• Mortar and Pestle: These crushing tools are available in a few variations, as they're common in Italy, Thailand, Mexico and South America. Beware of versions with a smooth finish in the bowl, as the coarse surface is what helps you to grind the spices, herbs and other ingredients to a pulp. These are fantastic for fans of Thai curries, Italian pestos and Mexico's wonderful guacamoles.

  • Terracotta Roasters: Popular in France, Mexico and other regions, terracotta roasters come in a variety of sizes. Some are designed for garlic and some for vegetable sides, and others are 3- to 7-quart ones meant to cook chickens and other meat roasts. The terracotta is soaked in water and creates a moist, basted meal. A terracotta chicken with vegetables and a splash of wine comes out with a half pot full of delicious juices that are ideal for sopping up with crusty bread.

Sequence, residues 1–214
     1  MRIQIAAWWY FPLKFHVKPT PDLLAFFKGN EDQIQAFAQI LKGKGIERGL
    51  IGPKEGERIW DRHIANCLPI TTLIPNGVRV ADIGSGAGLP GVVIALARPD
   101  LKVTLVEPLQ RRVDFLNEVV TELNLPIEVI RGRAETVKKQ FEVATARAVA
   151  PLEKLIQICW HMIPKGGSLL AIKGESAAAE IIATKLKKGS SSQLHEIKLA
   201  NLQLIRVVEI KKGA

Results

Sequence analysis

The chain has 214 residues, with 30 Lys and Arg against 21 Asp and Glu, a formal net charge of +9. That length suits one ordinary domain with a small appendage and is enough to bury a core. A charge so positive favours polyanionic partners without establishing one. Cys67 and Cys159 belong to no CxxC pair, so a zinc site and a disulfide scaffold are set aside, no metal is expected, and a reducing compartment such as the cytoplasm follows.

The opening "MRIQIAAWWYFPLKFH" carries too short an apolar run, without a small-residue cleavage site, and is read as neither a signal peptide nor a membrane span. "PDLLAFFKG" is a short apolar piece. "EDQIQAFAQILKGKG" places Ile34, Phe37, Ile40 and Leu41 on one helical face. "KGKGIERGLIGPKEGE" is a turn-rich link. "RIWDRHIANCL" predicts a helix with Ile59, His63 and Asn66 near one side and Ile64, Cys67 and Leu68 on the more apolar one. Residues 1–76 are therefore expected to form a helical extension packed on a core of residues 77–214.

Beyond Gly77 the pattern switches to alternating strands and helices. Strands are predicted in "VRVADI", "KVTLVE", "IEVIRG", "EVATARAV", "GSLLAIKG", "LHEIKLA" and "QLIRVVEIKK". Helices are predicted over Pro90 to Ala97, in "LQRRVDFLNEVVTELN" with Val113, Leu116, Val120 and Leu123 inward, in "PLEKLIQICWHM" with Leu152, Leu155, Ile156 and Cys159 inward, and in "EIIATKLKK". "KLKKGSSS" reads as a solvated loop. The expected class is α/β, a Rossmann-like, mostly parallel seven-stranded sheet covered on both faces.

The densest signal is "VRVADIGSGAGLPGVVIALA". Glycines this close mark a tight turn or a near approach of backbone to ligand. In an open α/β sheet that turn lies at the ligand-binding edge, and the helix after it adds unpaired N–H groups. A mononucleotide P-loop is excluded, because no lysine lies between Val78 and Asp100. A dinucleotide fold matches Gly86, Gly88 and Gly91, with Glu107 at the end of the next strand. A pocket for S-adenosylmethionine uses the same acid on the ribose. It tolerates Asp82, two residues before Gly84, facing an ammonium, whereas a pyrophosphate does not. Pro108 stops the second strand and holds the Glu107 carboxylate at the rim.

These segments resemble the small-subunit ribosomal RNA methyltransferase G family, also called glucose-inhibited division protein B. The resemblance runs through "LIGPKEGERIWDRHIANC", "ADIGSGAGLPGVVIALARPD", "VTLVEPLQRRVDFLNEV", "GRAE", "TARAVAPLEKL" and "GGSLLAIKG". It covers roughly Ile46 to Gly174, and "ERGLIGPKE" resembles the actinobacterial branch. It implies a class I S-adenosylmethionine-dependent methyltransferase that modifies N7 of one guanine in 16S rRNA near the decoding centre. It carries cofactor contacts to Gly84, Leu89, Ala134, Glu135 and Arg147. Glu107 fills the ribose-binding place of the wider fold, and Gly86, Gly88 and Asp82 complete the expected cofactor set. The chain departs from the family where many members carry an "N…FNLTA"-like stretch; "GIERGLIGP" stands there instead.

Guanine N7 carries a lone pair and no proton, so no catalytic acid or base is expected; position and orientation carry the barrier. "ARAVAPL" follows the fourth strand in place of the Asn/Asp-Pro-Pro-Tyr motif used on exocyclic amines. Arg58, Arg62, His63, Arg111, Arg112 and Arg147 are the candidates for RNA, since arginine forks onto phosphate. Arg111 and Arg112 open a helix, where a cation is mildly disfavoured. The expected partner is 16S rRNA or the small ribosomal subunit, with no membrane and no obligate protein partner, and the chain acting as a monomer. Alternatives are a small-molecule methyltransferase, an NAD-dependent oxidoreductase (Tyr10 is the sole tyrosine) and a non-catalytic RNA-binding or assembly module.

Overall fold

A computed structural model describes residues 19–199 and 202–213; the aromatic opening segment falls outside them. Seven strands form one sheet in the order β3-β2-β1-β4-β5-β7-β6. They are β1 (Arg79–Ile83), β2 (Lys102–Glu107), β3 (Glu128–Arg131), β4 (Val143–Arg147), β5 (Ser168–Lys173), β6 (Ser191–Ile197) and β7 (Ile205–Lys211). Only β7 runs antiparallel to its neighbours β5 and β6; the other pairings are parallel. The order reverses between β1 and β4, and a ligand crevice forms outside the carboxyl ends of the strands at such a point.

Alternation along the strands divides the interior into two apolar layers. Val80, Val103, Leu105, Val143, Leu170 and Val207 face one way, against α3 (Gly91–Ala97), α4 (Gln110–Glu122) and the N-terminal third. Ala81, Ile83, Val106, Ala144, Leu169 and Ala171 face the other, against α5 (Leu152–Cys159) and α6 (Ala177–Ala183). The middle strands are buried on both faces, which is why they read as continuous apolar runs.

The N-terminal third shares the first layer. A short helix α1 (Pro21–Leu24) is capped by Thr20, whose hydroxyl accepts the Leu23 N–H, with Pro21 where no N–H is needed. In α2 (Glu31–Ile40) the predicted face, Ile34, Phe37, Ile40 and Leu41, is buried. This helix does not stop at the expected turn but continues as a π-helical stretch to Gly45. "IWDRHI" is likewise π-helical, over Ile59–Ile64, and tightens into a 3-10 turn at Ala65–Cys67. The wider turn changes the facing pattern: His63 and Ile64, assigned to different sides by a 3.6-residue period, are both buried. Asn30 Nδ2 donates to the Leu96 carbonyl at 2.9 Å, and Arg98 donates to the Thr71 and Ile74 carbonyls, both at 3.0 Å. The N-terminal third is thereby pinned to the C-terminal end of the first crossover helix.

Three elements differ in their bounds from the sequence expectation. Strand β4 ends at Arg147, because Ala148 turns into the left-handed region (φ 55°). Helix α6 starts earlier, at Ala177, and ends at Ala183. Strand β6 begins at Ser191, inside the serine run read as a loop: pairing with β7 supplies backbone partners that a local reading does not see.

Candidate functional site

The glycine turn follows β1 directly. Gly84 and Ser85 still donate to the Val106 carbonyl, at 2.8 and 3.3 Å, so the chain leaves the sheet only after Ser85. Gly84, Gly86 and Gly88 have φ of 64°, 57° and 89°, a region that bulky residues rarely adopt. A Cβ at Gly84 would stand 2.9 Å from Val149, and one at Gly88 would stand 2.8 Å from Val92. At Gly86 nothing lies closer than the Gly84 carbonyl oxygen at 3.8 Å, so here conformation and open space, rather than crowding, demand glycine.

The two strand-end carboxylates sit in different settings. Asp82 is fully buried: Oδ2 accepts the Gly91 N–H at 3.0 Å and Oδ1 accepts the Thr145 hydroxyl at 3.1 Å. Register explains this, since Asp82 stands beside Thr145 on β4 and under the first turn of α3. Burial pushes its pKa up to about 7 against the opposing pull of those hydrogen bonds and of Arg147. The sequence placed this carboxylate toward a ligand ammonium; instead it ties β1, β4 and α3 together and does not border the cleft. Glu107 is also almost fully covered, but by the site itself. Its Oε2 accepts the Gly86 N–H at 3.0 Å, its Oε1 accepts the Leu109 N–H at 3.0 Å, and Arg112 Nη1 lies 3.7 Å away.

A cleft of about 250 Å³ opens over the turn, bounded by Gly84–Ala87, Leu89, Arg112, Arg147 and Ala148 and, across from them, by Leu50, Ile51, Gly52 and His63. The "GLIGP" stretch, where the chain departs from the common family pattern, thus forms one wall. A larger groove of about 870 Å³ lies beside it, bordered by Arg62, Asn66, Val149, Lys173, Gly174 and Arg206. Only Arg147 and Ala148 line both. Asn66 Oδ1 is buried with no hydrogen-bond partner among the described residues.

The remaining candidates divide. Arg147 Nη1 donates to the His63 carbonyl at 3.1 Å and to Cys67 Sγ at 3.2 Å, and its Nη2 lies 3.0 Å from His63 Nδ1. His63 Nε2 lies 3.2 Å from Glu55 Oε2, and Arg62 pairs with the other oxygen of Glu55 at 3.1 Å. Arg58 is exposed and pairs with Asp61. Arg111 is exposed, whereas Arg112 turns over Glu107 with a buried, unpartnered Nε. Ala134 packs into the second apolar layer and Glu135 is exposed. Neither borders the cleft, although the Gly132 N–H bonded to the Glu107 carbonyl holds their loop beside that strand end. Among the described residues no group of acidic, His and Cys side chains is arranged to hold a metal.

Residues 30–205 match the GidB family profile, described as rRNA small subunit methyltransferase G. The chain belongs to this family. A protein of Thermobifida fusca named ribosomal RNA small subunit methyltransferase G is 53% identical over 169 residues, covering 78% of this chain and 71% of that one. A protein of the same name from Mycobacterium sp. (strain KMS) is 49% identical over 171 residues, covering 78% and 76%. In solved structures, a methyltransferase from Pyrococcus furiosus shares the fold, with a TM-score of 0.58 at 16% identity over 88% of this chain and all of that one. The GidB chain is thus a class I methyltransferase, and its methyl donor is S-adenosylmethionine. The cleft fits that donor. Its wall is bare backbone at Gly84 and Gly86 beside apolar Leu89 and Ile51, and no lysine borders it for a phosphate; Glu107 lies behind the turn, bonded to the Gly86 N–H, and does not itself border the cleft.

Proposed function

• Pizza Stone: More versatile than its name suggests, the pizza stone is designed to mimic the hot floor of a wood-fired oven and is ideal for making flatbreads of any style, from naan to focaccia.

  • Wok: You can, in theory, make a stir fry in a frying pan, but a proper wok is designed to make it easy to continually be stirring and moving the ingredients around. It's also designed to get the most out of a gas-flame stove, thanks to the tapered sides.

  • Tajine: This conical covered top is designed to be a self-basting cooking pot so that a little liquid goes a long way in creating moist, flavorful cooking common in the Middle East and North Africa. Tajines can be used in the oven or on stove tops and may require that you season the pot before first use.

The Coffee and Tea Counter

Today's coffee lover can choose from all manner of coffee equipment, and there's no reason you can't have several kinds of brewing options to suit your mood. Of course, you'll need a tea kettle for boiling water.